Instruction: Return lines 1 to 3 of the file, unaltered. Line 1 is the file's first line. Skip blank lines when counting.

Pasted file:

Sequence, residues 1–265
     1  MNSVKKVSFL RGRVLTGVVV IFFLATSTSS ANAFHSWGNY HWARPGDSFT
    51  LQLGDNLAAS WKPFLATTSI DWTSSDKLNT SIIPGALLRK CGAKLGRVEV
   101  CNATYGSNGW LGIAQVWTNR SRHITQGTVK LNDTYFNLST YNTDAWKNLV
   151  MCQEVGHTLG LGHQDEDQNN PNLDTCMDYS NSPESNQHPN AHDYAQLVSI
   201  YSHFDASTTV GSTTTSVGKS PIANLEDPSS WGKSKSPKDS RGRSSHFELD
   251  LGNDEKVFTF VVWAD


Sequence, residues 1–265
     1  MNSVKKVSFL RGRVLTGVVV IFFLATSTSS ANAFHSWGNY HWARPGDSFT
    51  LQLGDNLAAS WKPFLATTSI DWTSSDKLNT SIIPGALLRK CGAKLGRVEV